The Pentagon is considering making COVID-19 vaccinations for troops mandatory once the Food and Drug Administration fully approves the shots, part of ongoing discussions about the next step in the agency’s response.
In a briefing with reporters Tuesday, Pentagon Press Secretary John Kirby said senior leaders within the Defense Department have had "some preliminary discussions" about what would happen if and when full FDA approval comes through.
"Should the FDA approve it, then I am certain that Pentagon leadership will take a look at what our options are going forward, including the potential option of making it mandatory," Kirby said.
But he had no new decisions or procedures to announce Tuesday.
Troops are already mandated to get 17 different vaccines, including shots against measles, mumps, diphtheria, hepatitis, smallpox and the flu.
So far, COVID-19 vaccines remain voluntary for troops. The FDA has approved multiple COVID-19 vaccines under emergency use authorizations -- a designation that allows for distribution and administration but also requires informed consent by patients. Once the FDA issues full approval, the Defense Department has an obligation to instruct personnel on the benefits and side effects of the vaccine but can make it mandatory, as it does with other mandatory immunizations.
The Defense Department has decided that until the vaccines receive full FDA approval, the services will not require troops to take them.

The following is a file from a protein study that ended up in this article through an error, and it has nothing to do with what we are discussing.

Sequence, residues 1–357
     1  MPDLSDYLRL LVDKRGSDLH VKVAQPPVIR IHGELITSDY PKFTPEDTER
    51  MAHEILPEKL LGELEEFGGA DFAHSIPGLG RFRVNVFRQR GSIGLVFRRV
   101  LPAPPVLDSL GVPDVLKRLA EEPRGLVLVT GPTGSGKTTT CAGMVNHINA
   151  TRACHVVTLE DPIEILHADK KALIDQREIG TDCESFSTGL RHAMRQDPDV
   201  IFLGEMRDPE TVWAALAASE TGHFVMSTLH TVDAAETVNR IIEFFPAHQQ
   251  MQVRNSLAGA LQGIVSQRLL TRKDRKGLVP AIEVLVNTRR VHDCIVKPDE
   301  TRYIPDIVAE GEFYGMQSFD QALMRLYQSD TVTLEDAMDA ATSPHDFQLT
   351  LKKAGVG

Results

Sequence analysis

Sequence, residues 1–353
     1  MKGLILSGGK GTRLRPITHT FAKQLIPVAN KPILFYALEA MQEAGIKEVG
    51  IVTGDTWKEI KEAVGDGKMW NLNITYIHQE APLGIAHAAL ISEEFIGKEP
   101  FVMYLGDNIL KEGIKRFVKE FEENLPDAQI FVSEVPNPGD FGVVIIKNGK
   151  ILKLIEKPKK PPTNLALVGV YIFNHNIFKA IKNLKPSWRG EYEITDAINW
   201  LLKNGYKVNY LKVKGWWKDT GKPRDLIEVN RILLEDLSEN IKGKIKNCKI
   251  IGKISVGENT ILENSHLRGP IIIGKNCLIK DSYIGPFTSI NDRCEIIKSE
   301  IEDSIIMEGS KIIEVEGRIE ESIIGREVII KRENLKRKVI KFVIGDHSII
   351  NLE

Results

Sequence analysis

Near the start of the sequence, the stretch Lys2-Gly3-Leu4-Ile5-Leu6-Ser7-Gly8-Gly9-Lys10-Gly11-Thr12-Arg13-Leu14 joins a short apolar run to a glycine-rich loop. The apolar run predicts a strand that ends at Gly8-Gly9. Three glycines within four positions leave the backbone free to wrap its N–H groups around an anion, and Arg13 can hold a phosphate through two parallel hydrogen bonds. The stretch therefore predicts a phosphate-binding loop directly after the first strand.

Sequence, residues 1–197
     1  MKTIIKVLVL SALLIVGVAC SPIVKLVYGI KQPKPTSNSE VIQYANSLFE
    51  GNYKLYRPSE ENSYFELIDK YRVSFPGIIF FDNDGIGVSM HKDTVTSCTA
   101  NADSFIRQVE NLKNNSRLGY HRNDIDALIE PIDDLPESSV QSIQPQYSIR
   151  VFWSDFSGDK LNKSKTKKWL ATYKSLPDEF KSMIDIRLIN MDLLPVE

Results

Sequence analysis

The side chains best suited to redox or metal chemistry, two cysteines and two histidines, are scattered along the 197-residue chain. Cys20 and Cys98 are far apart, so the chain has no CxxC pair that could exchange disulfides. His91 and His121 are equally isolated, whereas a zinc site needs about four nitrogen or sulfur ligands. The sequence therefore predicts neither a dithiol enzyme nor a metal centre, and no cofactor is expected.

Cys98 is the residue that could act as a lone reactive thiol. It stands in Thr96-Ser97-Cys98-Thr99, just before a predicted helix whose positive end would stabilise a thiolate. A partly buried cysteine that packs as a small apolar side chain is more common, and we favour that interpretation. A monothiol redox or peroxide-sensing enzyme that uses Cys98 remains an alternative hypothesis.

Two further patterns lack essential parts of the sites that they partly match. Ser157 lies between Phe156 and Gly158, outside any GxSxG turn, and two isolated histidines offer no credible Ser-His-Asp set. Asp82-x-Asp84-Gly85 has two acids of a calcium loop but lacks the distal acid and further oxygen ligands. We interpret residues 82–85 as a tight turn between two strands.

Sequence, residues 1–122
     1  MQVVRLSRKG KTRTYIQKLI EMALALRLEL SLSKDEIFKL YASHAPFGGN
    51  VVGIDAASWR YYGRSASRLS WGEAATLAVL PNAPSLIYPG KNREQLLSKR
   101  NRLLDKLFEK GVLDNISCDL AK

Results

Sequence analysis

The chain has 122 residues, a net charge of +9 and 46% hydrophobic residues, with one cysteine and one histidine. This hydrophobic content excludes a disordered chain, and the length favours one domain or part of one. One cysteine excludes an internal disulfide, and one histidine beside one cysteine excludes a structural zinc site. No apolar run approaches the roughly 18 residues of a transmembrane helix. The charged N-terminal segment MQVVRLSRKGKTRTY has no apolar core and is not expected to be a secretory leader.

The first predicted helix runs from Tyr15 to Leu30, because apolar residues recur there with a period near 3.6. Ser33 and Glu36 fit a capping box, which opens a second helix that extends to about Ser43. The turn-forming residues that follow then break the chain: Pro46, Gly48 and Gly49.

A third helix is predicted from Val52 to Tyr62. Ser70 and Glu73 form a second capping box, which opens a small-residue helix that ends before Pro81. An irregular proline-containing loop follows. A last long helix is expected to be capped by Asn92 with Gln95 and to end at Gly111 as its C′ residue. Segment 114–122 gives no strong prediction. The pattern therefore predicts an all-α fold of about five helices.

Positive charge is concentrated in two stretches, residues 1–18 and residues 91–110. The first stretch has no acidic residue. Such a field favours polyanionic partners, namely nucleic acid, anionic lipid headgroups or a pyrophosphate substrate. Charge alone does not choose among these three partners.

A DoD official, speaking to Military.com on condition of anonymity because the official was not authorized to discuss ongoing discussions, said parts of the military are starting to make preliminary preparations for the vaccines' full approval.
"We're all just kind of waiting to see what happens with the FDA," the official said. "We're preparing for when and if the FDA makes the decision."
Pfizer and BioNTech on May 7 asked the FDA to consider fully approving their vaccine, and Moderna followed suit June 1. It is unclear when or if the FDA might fully approve the vaccines.
But as people in some parts of the country remain suspicious and hesitant to take the vaccine, pressure is increasing on the FDA to grant full approval. In May, the Kaiser Family Foundation released a poll that found one-third of unvaccinated adults said they would be more likely to get a shot if it were fully approved.
In his briefing, Kirby stressed that more than two-thirds of defense personnel have now received at least one vaccine dose. He encouraged defense personnel and their families to get the shots.
"That's not bad," Kirby said of the percentage in the military. "So we've got work to do. Clearly, we'd like to see that percentage continue to climb, but it's at a healthy 68.8% as of today. ... [The vaccines are] safe, they're effective, and it's really the best incentive to protect you, your families and your teammates."
According to the Pentagon, more than 930,000 U.S. service members have been fully vaccinated across all three components. The DoD has administered more than 4.1 million COVID-19 vaccines to its patient population, which includes service members, retirees and families.
More than 300,000 DoD beneficiaries, civilian workers and contractors have been infected with COVID-19 since the beginning of the pandemic, and 357 have died.
The COVID-19 vaccine has become something of a political football. The 10 states with the smallest fully vaccinated population are all deep red states. Mississippi has the lowest vaccination rate at 38.3%; it is also one of the poorest states in the nation.